Monday, February 19, 2007
Richardson's party: Is anyone left to back him?
NEW MEXICO Gov. Bill Richardson stopped by last week during his two-day swing through New Hampshire. Among the Democrats vying for their party's Presidential nomination, he stood out as someone not very interested in playing to the far left, or to anyone else's expectations.
With Sen. Barack Obama and former Sen. John Edwards tacking hard left, and Sen. Hillary Clinton trying to sound moderate while still holding on to the liberal base, Richardson was quick to note that he is a different kind of Democrat.
For one, he's all for tax cuts. "I'd have middle-class tax cuts. I'd cut capital gains," he said, adding that he might have to repeal tax cuts that went to wealthier Americans to pay for more middle-class cuts, but it would be a last resort. He believes that low taxes stimulate business investment and job creation.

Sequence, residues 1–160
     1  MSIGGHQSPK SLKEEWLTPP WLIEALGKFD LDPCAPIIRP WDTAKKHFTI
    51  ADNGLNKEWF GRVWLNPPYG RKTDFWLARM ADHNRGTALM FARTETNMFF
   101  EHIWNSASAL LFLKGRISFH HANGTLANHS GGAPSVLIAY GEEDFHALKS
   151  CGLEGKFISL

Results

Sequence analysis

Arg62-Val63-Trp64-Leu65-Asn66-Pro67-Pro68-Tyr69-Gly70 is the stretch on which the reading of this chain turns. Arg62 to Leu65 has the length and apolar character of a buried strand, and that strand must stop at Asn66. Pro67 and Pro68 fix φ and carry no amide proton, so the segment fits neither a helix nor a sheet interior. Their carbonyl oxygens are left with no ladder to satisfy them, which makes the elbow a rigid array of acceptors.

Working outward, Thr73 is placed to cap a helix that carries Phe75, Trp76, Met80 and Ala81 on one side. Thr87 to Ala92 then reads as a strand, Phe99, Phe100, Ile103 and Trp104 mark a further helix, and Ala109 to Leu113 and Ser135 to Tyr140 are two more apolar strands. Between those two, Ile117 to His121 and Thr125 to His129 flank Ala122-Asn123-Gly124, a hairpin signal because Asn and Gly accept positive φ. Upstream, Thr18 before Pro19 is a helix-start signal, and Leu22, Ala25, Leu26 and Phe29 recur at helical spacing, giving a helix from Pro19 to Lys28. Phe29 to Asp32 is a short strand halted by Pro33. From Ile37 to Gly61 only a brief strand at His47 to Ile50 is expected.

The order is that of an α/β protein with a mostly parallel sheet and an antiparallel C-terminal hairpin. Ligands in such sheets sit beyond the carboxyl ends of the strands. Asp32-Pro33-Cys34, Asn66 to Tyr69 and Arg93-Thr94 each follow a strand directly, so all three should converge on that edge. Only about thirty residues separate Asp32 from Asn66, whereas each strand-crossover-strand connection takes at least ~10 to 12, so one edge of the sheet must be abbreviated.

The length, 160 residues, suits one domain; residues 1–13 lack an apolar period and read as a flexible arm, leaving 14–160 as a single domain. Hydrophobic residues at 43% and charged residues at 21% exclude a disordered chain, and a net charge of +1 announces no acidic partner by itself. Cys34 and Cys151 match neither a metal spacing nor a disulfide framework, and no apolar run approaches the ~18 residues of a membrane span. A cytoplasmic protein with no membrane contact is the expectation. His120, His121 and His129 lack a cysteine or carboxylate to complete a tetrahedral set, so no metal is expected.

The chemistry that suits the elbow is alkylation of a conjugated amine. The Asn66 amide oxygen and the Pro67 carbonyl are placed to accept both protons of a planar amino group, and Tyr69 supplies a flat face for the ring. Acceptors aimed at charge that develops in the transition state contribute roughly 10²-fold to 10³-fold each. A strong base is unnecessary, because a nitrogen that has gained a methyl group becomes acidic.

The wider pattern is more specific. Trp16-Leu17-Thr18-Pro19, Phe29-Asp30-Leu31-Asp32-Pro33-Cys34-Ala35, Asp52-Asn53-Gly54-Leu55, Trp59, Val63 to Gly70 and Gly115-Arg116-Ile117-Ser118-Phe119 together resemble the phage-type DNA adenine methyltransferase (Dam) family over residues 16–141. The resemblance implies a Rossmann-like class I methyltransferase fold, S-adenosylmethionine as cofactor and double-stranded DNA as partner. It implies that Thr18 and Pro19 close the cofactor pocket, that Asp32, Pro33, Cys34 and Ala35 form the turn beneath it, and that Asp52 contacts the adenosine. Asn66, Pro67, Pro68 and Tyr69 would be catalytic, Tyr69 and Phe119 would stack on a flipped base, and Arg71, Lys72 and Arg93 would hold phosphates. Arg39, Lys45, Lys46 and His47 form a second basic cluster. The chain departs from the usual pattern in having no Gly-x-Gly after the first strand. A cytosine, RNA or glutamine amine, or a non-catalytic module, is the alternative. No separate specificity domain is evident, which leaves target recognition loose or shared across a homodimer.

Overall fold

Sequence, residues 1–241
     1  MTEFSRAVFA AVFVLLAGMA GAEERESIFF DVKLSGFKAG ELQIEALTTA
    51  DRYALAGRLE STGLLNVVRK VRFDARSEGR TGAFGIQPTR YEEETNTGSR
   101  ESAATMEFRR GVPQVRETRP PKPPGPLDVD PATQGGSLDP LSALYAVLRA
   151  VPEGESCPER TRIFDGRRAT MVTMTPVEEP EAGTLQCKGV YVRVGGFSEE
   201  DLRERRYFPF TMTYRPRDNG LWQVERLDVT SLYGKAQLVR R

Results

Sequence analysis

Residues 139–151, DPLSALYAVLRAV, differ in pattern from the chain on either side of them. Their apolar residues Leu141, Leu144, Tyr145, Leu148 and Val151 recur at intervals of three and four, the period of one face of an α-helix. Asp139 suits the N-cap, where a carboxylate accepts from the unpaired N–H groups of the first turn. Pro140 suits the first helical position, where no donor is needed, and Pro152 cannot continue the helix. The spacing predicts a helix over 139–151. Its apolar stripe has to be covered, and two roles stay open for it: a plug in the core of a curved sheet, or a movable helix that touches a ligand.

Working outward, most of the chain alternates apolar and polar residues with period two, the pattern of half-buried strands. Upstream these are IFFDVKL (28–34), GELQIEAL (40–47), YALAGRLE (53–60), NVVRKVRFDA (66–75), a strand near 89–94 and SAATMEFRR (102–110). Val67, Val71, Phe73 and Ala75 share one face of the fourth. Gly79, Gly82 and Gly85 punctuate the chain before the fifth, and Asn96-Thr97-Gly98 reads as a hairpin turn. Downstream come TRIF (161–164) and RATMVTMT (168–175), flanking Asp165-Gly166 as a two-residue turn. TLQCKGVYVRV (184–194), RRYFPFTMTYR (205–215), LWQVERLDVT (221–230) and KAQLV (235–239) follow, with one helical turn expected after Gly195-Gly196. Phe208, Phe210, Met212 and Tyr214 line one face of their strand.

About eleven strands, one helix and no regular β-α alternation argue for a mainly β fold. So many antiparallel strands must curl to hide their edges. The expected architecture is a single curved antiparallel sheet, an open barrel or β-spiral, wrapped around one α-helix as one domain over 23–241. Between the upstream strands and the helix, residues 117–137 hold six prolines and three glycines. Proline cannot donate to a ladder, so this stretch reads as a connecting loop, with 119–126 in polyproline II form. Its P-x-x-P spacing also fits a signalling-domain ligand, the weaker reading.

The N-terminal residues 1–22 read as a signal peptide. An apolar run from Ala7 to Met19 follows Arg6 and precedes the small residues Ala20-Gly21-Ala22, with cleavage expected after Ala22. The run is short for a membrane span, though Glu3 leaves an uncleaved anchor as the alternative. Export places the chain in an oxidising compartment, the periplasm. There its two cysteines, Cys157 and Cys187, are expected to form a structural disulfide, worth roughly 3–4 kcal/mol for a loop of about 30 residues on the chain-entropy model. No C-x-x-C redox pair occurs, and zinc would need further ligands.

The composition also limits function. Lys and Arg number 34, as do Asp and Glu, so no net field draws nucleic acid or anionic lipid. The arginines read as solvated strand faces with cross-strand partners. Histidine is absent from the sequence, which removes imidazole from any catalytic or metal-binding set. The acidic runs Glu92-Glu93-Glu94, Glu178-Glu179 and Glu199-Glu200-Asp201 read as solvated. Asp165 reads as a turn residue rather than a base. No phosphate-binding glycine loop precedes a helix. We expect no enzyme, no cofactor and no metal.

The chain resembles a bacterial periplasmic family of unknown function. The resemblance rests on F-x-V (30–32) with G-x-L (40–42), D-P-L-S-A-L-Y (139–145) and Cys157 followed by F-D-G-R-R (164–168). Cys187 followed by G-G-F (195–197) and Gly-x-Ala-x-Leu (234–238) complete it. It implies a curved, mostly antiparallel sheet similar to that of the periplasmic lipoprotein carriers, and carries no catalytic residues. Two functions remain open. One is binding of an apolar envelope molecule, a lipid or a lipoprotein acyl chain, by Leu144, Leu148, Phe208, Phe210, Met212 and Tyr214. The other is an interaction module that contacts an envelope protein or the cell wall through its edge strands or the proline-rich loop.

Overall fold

"The Democratic Party, our first solution is to tax, but I'm not of that school," he said.
He's also pro-Second Amendment (he was endorsed by the National Rifle Association in last year's race for governor), for a stronger, larger military, against gay marriage, and in favor of letting states experiment on policy rather than forcing them to accept Washington's dictates.
On Iraq, he supports withdrawal, provided the United States can bring together the warring ethnic and religious groups and create some sort of political agreement first.
Richardson is not a candidate polished and shined by some D.C.-area spin machine. He's a Western governor who talks convincingly like a Washington outsider despite his years in the capital. Plus, he has some interesting ideas. The question is whether in the current political climate any Democrats will be willing to hear them.